The Climbers' Club is the senior rock-climbing club in Wales and England (outside the Lake District). It was founded in 1898 and publishes guidebooks in the main climbing areas in Wales and Southern England. It also owns several climbing huts in these areas.
In 1870, C. E. Mathews founded the Society of Welsh Rabbits, which was a loose association of climbers who were largely English. By 1897, members of the Society saw a need for something more formal, and forty met at the Café Monico in London to discuss forming a new Club.
Originally perceived as merely a dining club, meeting once a year in London, one-third of the original members were also affiliated with the venerable Alpine Club - generally more conservative and populated largely by alpinists who had little regard for climbing in Great Britain, except as training for the Alps. The first president, C. E. Mathews, was, himself, a pillar of the AC, but supported this new adventurous but parochial initiative. Not without the wry criticism so fashionable at the time, however, as the arch-conservative mountaineer Douglas Freshfield punned:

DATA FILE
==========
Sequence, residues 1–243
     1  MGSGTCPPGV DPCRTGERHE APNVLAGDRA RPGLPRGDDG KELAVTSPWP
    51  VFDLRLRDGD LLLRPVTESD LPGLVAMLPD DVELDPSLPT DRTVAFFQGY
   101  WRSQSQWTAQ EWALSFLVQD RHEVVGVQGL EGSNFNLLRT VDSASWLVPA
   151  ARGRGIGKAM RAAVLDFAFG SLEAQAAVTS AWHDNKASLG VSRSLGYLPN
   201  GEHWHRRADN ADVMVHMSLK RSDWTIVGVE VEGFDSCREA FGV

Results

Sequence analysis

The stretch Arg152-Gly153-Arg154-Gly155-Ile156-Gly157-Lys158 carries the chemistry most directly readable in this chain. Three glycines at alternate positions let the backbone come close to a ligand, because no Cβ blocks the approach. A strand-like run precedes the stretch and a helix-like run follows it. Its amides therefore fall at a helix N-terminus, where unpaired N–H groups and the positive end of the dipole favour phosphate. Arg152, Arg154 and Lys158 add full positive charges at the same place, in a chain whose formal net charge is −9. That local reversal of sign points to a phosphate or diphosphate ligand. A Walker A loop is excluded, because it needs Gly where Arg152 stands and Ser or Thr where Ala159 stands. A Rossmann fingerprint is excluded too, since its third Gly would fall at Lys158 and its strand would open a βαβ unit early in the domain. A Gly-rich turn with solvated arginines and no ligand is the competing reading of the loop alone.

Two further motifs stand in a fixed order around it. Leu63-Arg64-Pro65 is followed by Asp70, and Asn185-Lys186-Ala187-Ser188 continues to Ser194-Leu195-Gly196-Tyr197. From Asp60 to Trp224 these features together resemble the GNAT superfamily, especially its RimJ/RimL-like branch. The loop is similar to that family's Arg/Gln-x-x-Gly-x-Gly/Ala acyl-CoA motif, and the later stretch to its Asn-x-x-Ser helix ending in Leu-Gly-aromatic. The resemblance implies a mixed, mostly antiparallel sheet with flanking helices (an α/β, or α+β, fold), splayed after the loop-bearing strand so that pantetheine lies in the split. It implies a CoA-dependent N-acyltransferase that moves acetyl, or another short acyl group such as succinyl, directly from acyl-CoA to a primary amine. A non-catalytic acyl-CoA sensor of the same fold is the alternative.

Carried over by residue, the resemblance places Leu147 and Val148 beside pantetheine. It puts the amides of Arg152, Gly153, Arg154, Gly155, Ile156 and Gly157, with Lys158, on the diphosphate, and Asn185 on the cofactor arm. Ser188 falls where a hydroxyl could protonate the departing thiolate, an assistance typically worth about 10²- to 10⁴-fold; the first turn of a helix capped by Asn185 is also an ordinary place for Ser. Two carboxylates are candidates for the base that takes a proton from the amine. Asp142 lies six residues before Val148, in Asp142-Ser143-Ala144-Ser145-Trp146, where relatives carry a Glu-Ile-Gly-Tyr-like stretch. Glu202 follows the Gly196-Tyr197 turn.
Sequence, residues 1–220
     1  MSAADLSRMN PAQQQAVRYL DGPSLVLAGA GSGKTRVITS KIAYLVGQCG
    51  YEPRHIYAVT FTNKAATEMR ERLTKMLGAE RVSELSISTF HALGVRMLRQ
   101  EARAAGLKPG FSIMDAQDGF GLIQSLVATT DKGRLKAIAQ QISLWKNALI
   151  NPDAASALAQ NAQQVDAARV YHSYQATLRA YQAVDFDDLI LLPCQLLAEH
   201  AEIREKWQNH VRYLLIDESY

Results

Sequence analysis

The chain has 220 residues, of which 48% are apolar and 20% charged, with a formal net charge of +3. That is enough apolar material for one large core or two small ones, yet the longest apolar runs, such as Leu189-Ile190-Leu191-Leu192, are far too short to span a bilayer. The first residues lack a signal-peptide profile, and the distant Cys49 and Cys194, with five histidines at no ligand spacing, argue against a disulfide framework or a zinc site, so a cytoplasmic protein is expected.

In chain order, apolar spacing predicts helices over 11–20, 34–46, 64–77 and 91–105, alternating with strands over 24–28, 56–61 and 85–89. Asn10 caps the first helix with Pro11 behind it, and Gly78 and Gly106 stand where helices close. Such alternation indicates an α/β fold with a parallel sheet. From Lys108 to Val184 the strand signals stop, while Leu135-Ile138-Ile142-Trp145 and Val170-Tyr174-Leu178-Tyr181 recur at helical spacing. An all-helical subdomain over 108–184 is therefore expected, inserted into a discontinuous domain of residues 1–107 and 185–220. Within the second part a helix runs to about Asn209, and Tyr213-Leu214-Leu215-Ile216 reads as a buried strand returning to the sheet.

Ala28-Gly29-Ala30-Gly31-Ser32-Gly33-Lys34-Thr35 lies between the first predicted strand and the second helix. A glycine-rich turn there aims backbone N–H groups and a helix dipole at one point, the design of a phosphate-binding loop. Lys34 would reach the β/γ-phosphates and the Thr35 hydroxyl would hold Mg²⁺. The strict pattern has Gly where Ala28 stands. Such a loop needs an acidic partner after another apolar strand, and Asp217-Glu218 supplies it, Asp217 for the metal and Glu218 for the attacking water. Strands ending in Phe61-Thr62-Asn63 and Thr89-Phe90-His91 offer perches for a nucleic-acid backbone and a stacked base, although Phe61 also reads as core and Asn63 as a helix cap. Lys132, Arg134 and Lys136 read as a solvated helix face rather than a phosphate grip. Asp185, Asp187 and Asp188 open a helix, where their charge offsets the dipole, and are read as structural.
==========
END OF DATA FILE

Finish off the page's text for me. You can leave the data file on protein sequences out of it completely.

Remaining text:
- Why is it to the Alpine Club
- Our C. E. M. no longer keeps?
- Why should he found - himself as hub –
- A Climbers' Club for chimney sweeps.
Other UK Mountaineering 'Senior Clubs'
- Alpine Club
- Fell and Rock Climbing Club
- The Rucksack Club
- Scottish Mountaineering Club
- The Wayfarers' Club
- Clublife at thebmc.co.uk, dated 02/11/2003 (accessed 6 January 2008)
- Clark, R. W. and Pyatt, E. C. (1957). "Mountaineering in Britain", Phoenix House.
- Hankinson, Alan (1972). "The First Tigers", J. M. Dent & Sons
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